Rodriguez then said, "[Y]ou just killed a man. You killed him." Miranda replied, "[Y]ou got to help me, you [sic] my friend." Miranda grabbed a knife from the butcher block, gave it to Rodriguez and said, "help me." Holding Gonzalez by the arm, Rodriguez walked to the alley in back of the store and threw the knife in the garage. Miranda soon found the men and asked for the knife. Rodriguez told Miranda where he had thrown it and then walked Gonzalez toward nearby houses looking for assistance. After Miranda followed them and beat Gonzalez about the face, Rodriguez yelled for help and left Gonzalez. When Miranda asked Rodriguez to walk with him, Rodriguez replied, "[Y]ou walk your way and I walk my way." At that point, Miranda left and Rodriguez walked to a bar. He later recounted the incident to the police. Rodriguez testified that while everyone was drinking during the evening, Miranda did not appear to be intoxicated. The State admitted People's Exhibit 19, the butcher knife Rodriguez mentioned, into evidence over defense objection.

Velez testified that he and Aroca were going to open a fish market. On December 6, 1985, Velez and Aroca went to the bank and cashed a $10,000 check. Around 6:00 p.m., the two men returned to the meat market where Miranda, Rodriguez, and Gonzalez were present. Aroca waived the bundle of money in the air before placing it into the safe. The men began drinking a one liter bottle of scotch. When Velez left approximately one hour later, none of the men appeared intoxicated.

Toxicology reports revealed that both Aroca and Gonzalez had elevated blood alcohol levels. Detective Jerome Bogucki of the Chicago police department testified that when he interviewed Rodriguez on the night of the murder, Rodriguez was highly emotional and very upset. The defense questioned him about inconsistencies between his recorded report of Rodriguez's statement on the night of the crime and Rodriguez's trial testimony. Rodriguez did not tell Bogucki that Miranda ordered Aroca to open the safe, that Miranda shot Aroca in the head, or that Miranda handed Rodriguez a knife. However, Rodriguez told Bogucki that Miranda told Aroca to "open up and give me what you got."

Miranda was arrested in Texas and extradited to Illinois in January 1994. Bogucki stated that, at the time of trial, Gonzalez was in an Immigration and Naturalization camp in Louisiana.


A. Standard of Review

Under the Antiterrorism and Effective Death Penalty Act of 1996 ("AEDPA"), a habeas petitioner is not entitled to a writ of habeas corpus unless the challenged state court decision is either "contrary to" or "an unreasonable application of" clearly established federal law as determined by the United States Supreme Court. 28 U.S.C. § 2254(d)(1); see also Williams v. Taylor, 529 U.S. 362, 367 (2000). A state court's decision is "contrary to" clearly established Supreme Court law "if the state court arrives at a conclusion opposite to that reached by the Court on a question of law" or "if the state court confronts facts that are materially indistinguishable from a relevant Supreme Court precedent and arrives at a result opposite to ours." Williams, 529 U.S. at 404. To demonstrate an "unreasonable application" of clearly established federal law, a habeas petitioner must establish that the state court unreasonably applied the controlling legal rule to the facts of the case. Id. at 407. The state court's application of Supreme Court precedent must be more than incorrect or erroneous. Rather, it must be "objectively unreasonable." Lockyer v. Andrade, 538 U.S. 63, 75 (2003); Hardaway v. Young, 302 F.3d 757, 762 (7th Cir. 2002) (state court decision must lie "well outside the boundaries of permissible differences of opinion").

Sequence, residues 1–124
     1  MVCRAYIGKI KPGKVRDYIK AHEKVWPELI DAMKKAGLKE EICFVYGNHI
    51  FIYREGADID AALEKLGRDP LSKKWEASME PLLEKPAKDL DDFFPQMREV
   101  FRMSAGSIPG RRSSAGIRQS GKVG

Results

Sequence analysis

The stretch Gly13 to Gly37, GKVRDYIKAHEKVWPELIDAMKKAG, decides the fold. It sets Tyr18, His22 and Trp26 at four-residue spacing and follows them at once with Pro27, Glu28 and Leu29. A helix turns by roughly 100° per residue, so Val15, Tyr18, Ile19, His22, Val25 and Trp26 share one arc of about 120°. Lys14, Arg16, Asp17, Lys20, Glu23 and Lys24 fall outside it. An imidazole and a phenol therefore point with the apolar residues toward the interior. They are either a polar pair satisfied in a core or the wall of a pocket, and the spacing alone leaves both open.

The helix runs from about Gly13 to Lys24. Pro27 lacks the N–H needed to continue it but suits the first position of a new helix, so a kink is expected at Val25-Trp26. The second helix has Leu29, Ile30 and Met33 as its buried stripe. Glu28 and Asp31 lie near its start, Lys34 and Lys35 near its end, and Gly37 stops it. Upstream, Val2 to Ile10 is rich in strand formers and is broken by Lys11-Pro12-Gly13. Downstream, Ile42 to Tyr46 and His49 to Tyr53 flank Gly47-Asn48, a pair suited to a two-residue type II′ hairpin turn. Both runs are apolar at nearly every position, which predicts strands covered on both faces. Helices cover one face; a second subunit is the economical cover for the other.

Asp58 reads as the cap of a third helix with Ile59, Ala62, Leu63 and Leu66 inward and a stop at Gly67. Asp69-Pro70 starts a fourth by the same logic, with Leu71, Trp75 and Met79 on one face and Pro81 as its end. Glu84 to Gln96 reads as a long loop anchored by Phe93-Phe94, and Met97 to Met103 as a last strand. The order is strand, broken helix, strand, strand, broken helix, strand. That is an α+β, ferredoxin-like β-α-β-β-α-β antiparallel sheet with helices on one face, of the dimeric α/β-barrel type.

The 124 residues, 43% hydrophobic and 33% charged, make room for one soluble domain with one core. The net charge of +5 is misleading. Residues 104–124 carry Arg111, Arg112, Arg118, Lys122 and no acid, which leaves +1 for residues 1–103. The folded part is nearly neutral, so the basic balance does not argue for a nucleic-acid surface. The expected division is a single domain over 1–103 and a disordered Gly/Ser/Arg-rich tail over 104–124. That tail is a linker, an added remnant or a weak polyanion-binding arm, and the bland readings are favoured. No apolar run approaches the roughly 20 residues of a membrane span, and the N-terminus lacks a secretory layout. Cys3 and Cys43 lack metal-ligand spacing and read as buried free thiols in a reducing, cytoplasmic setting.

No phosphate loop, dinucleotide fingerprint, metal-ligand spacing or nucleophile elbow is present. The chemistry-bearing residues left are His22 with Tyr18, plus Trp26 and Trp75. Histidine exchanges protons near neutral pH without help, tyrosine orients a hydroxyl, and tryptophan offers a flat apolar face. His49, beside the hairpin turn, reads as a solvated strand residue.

Before a federal court will consider a habeas corpus petition, a petitioner must satisfy several requirements, including the exhaustion of state remedies and the avoidance of procedural default. Procedural default refers primarily to two situations. The first occurs when the petitioner presents federal claims in his habeas petition that he did not "fairly present" to the state courts, thereby depriving the state courts of the first opportunity to address the claims. O'Sullivan v. Boerckel, 526 U.S. 838, 844-45 (1999). A petitioner's failure to fairly present each habeas claim to the state's highest court in the time and manner required leads to a default of the claim, barring the federal court from reviewing the claim's merits. Id. at 848. The second situation in which procedural default occurs is when the state court bases its judgment on a state procedural rule, where such grounds are "independent of the federal question and adequate to support the judgment." Franklin v. Gilmore, 188 F.3d 877, 881 (7th Cir. 1999). A federal court, however, may excuse a procedural default if a petitioner can show either cause for the default and actual prejudice as a result of the alleged violation of federal law, or can demonstrate that failure to consider the claim will result in a fundamental miscarriage of justice. Coleman v. Thompson, 501 U.S. 722, 750 (1991).